ANDY: It was fucking crazy. For our first time ever playing overseas, we were traveling in a fancy tour bus being driven around Europe by this guy from Oxford who grew up with the dudes from Radiohead. We had bunks on the bus that we would sleep in while we drove through the night. We would wake up in the morning parked out front of the venue (often times in a completely different country). Every day, Kirk (La Dispute’s manager) would print out a new day sheet that had set times, dinner time, suggestions of shit to do, and the time we had to be back on the bus. We had greenrooms. We got to mooch off of La Disputes rider. Full sound check every day. Two band bills every night. We had to sort through various currencies. It was unlike any tour any of us had ever been on. Very fancy. We became good friends with the La Dispute crew. We miss hanging out with them.

What is like to be a band in the 21st century and how is it intertwined with social media, and having an online presence in general?

ANDY: I’d imagine it’s about the same as being a person in the 21st century as far as the ratio of ups and downs are concerned.  Having internet at your disposal at all times makes booking shows, keeping contacts in order, working on recordings and mixes and stuff like that much easier. Putting out music and promoting it is at the click of a button. Getting the word out about your various projects, in general, is much easier. That all being said; sometimes I can’t help but wonder if I would be a more productive musician if it were 1996 and I wasn’t plugged into all this shit.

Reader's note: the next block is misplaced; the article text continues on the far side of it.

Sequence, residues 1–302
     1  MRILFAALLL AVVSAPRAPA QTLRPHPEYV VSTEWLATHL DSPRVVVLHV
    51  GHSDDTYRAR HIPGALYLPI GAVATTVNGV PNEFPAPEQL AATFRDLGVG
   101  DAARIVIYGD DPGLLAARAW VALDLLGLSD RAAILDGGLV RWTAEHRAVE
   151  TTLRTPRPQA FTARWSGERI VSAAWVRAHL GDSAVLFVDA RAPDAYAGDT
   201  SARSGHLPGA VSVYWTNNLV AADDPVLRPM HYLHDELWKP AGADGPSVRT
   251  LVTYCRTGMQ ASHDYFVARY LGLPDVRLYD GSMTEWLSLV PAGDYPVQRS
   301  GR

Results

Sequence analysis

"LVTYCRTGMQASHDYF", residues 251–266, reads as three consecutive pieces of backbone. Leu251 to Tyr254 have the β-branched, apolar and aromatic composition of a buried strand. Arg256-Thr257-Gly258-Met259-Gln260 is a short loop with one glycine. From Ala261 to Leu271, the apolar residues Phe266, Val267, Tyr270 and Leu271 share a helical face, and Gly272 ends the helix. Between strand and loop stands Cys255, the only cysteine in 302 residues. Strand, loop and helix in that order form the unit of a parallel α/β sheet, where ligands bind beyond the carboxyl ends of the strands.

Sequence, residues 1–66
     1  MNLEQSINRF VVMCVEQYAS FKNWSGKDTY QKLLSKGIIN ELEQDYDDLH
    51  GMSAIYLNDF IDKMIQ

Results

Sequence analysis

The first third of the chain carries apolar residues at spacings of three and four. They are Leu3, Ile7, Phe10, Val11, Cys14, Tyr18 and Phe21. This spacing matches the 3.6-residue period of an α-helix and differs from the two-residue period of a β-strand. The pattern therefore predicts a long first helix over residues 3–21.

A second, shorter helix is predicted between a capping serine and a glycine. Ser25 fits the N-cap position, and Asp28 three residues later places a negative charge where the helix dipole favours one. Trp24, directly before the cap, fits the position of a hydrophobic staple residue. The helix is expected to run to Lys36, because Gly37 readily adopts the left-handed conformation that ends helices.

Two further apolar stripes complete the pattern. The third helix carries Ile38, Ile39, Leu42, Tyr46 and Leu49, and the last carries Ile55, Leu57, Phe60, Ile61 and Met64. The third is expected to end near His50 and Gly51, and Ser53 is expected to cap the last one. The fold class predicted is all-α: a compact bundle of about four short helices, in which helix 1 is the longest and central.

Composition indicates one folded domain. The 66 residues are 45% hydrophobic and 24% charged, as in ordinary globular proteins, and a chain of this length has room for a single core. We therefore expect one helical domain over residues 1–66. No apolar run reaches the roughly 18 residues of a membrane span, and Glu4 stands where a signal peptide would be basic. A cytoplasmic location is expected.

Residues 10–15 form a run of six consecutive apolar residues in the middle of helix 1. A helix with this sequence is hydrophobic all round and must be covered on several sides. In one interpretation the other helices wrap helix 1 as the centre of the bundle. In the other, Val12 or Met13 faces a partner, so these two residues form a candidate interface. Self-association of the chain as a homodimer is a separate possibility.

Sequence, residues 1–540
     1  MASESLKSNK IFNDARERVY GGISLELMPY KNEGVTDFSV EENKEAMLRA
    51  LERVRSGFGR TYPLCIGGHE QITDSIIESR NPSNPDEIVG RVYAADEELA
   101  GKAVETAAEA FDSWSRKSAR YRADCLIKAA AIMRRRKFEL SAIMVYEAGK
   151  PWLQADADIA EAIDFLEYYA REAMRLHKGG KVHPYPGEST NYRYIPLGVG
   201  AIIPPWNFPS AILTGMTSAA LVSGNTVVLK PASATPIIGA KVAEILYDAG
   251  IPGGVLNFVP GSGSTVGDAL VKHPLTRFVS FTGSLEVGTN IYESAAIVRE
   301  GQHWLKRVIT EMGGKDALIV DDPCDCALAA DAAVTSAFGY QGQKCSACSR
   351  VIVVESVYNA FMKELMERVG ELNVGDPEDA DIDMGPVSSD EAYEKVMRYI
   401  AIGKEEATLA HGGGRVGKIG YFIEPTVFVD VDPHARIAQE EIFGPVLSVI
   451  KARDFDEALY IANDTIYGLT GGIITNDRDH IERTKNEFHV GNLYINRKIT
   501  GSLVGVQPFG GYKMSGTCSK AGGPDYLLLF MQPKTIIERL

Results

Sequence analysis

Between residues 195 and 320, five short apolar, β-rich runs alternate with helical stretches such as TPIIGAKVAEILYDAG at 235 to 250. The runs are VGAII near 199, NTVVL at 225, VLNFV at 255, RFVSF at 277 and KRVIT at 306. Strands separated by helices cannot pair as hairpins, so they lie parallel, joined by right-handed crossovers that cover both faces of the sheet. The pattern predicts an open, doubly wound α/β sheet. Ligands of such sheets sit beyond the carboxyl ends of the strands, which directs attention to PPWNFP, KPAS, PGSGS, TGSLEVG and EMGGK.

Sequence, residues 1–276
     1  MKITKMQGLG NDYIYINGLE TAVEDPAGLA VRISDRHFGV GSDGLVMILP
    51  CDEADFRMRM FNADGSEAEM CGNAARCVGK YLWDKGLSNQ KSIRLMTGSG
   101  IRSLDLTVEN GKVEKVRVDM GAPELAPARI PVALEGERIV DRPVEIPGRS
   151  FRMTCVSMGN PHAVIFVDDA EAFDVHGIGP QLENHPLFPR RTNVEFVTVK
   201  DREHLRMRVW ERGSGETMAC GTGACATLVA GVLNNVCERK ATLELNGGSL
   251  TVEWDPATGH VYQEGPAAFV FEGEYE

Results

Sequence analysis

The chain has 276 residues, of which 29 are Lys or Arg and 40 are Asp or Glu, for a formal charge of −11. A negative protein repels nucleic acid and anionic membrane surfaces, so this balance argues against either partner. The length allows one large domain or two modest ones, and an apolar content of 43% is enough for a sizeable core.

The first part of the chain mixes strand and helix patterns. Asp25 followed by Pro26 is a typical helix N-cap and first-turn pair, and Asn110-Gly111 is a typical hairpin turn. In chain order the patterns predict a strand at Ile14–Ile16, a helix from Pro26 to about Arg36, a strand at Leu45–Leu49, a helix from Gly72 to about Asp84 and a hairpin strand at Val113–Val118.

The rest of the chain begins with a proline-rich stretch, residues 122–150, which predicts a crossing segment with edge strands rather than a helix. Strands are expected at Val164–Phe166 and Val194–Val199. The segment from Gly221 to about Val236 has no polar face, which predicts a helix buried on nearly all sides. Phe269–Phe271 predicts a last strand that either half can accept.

Upon seeing you guys at the DZ Tapes show at Hole in the Sky, Sam mentioned that you feel like you’re “over the hill” (which I don’t agree with) as a band. Can you elaborate on that? How has each album been received? How does the reaction to each release differ from each other?

SAM: That was mostly said in jest, I just meant that I felt old at that particular show in comparison to the bands that preceded us. There seems to be some incredibly fertile and precocious creative stuff going on in the DC/MD zone with kids in their teens and early twenties, which is really awesome and scary.

    I’m not sure the reaction has been vastly different for any one release, but it’s kind of hard to quantify that stuff. All I know is we never in a million years expected any of the things we’ve been lucky enough to come by through doing this band, so we feel pretty lucky in that way.

When I try to describe the sound of Two Inch Astronaut to people I think of very oddly phrased angular guitar driven rock that’s complex while having these clever poppy vocal hooks. How does the writing process work with two inch and how do you guys come up with such intricate song structures?

SAM: It used to be that I’d just sort of demo the songs and we’d hash them out in practice with the other two putting their own spin on things. When Andy joined the band, we started ‘jamming’ a lot more which is something I used to be against, but that’s how the majority of the songs on Personal Life came together. The newer stuff is sort of a combination of those two methods. As far as being, I’m not really sure why it turns out that way. I know I’m pretty impatient and generally agitated, and between the three of us we have an almost non-existent attention span, so maybe that has something to do with it.

by NATHANIEL SALFI 

NATHANIEL SALFI